Lamprologus: Greek, lampros = light + Greek, lagos = hare
A tiny fish with a large personality. Lamprologus ocellatus is known as a shell dweller, they live in the empty shells of a particular snail which inhabits Lake Tanganyika. They rarely move far from their shell and they even use it to protect their eggs and small fry. Each fish has to have its own shell, even mating pairs have a shell each. It is important to have more shells than fish.
Wild Lamprologus ocellatus eat small invertebrates but in captivity they will accept all types of food but their diet should include some suitably sized live or frozen food such as daphnia, bloodworms, cyclops and brine shrimps.
Males are larger and have a more "bullish" appearance than females.
Breeding takes place inside the empty snail shell. If kept as a pair, both parents will guard the shell entrance fearlessly and will occasionally enter the shell to fan fresh water over the eggs. From spawning it takes around 10 days before the free swimming fry will be seen emerging from the shell, although at the slightest hint of danger they will disappear back in to its depths. They will also breed as a group with a number of females having a small territory within the bounds of a males larger territory. Each female will protect its own patch and the male will keep all intruders out.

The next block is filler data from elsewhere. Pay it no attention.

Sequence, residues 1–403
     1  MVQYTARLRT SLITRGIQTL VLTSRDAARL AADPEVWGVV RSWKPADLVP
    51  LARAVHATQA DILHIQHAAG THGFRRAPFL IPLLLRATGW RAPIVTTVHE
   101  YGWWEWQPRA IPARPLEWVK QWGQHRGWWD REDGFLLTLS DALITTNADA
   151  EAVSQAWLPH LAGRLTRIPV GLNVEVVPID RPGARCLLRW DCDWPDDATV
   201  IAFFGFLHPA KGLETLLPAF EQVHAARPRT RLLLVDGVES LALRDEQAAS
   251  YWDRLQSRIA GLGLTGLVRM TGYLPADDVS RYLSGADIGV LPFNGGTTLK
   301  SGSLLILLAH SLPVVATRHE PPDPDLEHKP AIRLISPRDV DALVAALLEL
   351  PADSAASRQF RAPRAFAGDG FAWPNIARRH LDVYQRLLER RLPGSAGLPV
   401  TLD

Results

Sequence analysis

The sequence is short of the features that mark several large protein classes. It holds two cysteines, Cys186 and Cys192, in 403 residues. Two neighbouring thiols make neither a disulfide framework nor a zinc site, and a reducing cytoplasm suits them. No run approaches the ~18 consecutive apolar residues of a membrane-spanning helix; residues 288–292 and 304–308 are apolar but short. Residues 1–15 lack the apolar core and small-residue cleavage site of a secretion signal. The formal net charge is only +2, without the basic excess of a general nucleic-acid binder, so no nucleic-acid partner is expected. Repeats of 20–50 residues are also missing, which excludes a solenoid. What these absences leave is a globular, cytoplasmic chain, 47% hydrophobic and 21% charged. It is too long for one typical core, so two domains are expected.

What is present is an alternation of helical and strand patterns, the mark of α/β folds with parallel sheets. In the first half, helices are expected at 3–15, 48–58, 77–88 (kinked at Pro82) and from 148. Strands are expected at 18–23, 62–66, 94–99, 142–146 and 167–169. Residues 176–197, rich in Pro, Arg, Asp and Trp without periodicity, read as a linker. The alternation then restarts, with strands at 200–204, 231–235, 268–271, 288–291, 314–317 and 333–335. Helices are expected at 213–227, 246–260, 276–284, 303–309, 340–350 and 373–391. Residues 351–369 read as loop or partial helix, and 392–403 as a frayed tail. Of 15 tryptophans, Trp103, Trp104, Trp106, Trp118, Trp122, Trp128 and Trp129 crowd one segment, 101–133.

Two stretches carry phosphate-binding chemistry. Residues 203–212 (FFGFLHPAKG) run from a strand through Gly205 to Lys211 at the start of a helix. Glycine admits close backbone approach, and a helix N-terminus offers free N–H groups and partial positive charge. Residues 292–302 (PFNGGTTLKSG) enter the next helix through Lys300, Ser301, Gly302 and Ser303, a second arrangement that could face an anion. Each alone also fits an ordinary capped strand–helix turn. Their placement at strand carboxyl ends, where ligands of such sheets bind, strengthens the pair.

Lamprologus ocellatus is widespread throughout Lake Tanganyika and doesn't face any known threats. Wild populations are considered to be quite rare but are listed as "Least Concern".
pH: 7.5 - 9
dGH: 9 - 19
Temperature: 23 - 25°C (74 - 77°F)
Size: 5cm (2in)
Min tank size: 60 litres
Difficulty level: Intermediate
Aquarium type: Species / Tanganyikan Community
Swimming level: Bottom
Origin: East Africa, Burundi; Congo, The Democratic Republic of the; Tanzania, United Republic of; Zambia. Lake Tanganyika. (endemic).
Habitat: Shallow lake edges in the abandoned shells of Neothauma snails.
Species: L. ocellatus, (Steindachner, 1909)
Synonyms: Julidochromis ocellatus, Lamprologus lestradei, Neolamprolagus ocellatus.